Backups are critical since devices regularly fail, break, or get stolen, lost, or corrupted. To develop good backup habits, first you need to decide how much space you need. If you're only worried about backing up important text files and financial documents, you probably don't need more than a few gigabytes. If you'll be backing up videos and pictures, you'll want something more in the hundreds of gigabytes or few terabytes range.
Next, you'll need to decide how often you need to back up and how far back you need to keep your backups. This will play a part in deciding your storage size. Even if your one-time backup is small, keeping weekly copies can add up quickly. Decide if you want to keep a specific amount of backups (ex: six-month's worth of weekly backups) or just the most recent however-many it can hold (or less), with the oldest ones being deleted to make space for the newest ones.
Finally, come up with a system. Windows and Mac have features that allow you to automate the backup process including frequency, which files to include, and where to store them. These are fine systems to put in place, just remember to make sure your encrypted storage location is unlocked if encrypted so the backup is able to take place. If you decide to manually handle your backups, be sure to set regular reminders so you don't forget. Automatic backups are desirable when possible.
The 3-2-1 Rule
The 3-2-1 Rule is a guideline for considering how to organize your backups effectively. It states that you should have 3 copies of your data - 2 backups plus your live (daily in-use) copy. You should have 2 separate formats for your backups - such as an external hard drive and a cloud copy. Finally, you should have 1 of those copies offsite - again, a cloud copy or a USB at a friend's house - in case of physical damage or disaster at your location.
Privacy-Respecting Cloud Backups
Generally speaking, I advise against using Google Drive, Dropbox, iCloud, or similar services. For starters, I advise against using them as-is because they are not zero-knowledge. Second, even using them with one of the solutions in the next section, they can see that you have encrypted files in your storage space, and we don't know if someday they'll decide to take an anti-encryption stance and delete it or your account. There is always an anti-encryption rhetoric coming from numerous governments around the world. Finally, Google Drive and Apple iCloud use weak encryption standards in some cases.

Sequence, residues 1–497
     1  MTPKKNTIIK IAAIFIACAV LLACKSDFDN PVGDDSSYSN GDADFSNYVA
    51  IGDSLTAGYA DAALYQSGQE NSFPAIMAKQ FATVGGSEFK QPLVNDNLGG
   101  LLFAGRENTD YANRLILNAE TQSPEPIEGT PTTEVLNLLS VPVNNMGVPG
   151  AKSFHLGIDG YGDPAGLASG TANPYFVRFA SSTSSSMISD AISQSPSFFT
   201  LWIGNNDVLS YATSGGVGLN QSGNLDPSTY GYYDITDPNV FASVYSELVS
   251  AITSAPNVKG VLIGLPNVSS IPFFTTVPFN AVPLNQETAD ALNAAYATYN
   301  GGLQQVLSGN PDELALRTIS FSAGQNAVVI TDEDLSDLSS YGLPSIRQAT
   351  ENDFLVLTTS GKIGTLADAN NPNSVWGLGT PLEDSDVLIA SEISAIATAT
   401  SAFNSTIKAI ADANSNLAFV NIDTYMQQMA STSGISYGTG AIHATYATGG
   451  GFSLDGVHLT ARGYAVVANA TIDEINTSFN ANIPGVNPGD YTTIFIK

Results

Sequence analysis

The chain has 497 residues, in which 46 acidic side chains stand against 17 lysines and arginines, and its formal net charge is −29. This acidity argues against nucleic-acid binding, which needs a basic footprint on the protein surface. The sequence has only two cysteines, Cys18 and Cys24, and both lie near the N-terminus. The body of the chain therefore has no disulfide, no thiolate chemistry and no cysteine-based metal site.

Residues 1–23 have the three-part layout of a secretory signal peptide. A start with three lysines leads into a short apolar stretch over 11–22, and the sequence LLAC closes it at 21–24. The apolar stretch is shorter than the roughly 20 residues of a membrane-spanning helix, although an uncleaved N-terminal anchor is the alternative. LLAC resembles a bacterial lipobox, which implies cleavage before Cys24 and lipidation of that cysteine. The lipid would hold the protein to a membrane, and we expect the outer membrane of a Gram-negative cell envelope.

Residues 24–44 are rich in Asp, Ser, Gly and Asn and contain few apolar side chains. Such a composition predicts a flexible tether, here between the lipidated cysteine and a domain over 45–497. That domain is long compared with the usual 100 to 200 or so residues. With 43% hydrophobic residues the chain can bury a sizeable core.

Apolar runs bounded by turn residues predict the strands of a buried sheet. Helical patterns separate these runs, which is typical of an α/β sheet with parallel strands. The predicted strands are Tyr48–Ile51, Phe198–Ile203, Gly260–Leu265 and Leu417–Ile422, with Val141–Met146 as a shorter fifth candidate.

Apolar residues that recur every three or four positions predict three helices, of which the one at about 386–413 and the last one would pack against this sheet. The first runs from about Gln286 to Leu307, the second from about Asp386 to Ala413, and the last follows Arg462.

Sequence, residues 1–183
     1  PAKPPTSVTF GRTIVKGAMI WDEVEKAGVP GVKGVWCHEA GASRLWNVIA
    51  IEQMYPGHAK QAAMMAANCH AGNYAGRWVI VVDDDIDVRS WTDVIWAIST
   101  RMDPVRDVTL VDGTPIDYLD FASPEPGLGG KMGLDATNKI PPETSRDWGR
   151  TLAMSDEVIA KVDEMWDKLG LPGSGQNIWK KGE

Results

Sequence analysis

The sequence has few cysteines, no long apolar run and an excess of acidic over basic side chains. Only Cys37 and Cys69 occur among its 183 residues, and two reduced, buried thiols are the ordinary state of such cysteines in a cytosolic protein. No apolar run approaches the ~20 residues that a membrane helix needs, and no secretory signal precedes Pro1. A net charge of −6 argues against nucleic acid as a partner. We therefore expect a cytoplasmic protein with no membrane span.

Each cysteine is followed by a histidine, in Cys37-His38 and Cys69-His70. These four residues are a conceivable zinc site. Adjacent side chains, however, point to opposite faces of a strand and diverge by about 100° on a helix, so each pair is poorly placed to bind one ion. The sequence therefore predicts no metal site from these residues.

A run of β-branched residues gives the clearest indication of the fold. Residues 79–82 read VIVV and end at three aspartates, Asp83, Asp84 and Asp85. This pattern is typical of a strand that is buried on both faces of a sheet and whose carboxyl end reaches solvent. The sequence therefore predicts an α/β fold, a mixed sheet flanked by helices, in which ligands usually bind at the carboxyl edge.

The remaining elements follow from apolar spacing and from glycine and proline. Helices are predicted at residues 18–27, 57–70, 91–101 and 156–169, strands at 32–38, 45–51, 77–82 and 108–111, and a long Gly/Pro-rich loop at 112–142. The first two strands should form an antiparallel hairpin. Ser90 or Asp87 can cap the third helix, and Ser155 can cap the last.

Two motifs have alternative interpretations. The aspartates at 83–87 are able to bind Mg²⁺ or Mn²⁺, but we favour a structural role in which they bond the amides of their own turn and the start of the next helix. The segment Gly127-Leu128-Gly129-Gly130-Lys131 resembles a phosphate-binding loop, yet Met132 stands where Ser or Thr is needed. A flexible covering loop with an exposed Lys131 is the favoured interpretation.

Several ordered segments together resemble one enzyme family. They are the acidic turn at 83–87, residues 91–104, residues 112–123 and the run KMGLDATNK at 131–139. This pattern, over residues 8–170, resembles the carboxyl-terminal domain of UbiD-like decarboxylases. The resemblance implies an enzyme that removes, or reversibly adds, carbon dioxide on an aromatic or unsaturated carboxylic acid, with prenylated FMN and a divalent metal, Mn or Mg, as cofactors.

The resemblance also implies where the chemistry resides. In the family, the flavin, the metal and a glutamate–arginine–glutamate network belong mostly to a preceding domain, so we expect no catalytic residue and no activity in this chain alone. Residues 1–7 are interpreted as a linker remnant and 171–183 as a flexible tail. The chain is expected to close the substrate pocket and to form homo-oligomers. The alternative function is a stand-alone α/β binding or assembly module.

If your backup solution is a local hard drive, I discussed using Veracrypt in the previous section to encrypt your device. There are several secure and private cloud backup solutions. The best-case scenario is to self-host a Nextcloud server so you have complete and total control of the data on a trusted, open source platform. However, this can be unrealistic to many for a number of reasons, so a good alternative is to select a provider who is zero knowledge. If for some reason this option doesn't meet your needs, my next recommendation would be using Filen. Filen is an open-source, zero-knowledge cloud service that functions similar to Dropbox. They offer 10 gigabytes of storage for free and have paid tiers that offer more storage and features. (Note: some of my readers have expressed concerns with Filen's security implementations (Source). Beware that they are still a new company and may not be quite as up-to-par as some of the other choices available to you.) If you plan to use Proton for email or VPN, you may also consider paying for access to ProtonDrive. ProtonDrive is currently in beta-testing and should be considered unstable, and does not offer a desktop app for easy file sync the way Filen does. ProtonDrive will be open-sourced once it moves out of beta. (To see my criteria for listing these services, check here.)
Mainstream Cloud Providers
If none of these options work for you, there are two ways to upload encrypted content to mainstream cloud providers like Google Drive or iCloud. The first is Cryptomater, an open source tool that allows you to encrypt each individual file and sync it with the cloud. It works for Google Drive and Dropbox. If you aren't using one of those services or otherwise don't want to use Cryptomater, then consider the following strategy:
First, figure out how much storage you need. Google Drive offers 15 gigabytes for free, Apple iCloud offers 5 gigabytes for free, and Dropbox offers 2 gigabytes for free. Next, make sure you have installed that service's file sync application. This is typically an app that will create a folder on your computer, and that folder acts as a real-time sync between your account and your computer. It's designed to make working directly from the file in your account effortless.
Now open up Veracrypt, select the "Tools" menu, and choose "Volume Creation Wizard." Pick "Create an encrypted file container," "Standard Veracrypt Volume," then click "Select File" and navigate to your cloud service folder. Once in the folder, you'll have to makeup a nonexistant file name. Anything works, from "Backup" to "veracrypt_containter" or whatever you want. Once you hit "save," it should show you the file path. Continue onward, making sure you've selected "AES" and "SHA-512" for your algorithms, and then move on. The next screen will ask you for a volume size. Ideally, I would say use as much as you can. If you use your Dropbox or Google Drive for other sharing purposes, leave enough space free for that or maybe only use the exact amount of space you require for your backup strategy. Once you decide what storage size is appropriate for you, go to the next screen where it requires a password. From there, it's pretty self explanatory. Just answer the questions and it will pick the best formats and such for you.
If you follow these steps, you should have created secure, consistent backups that will protect you in the event of a lost, stolen, or damaged device, or even the dreaded ransomware.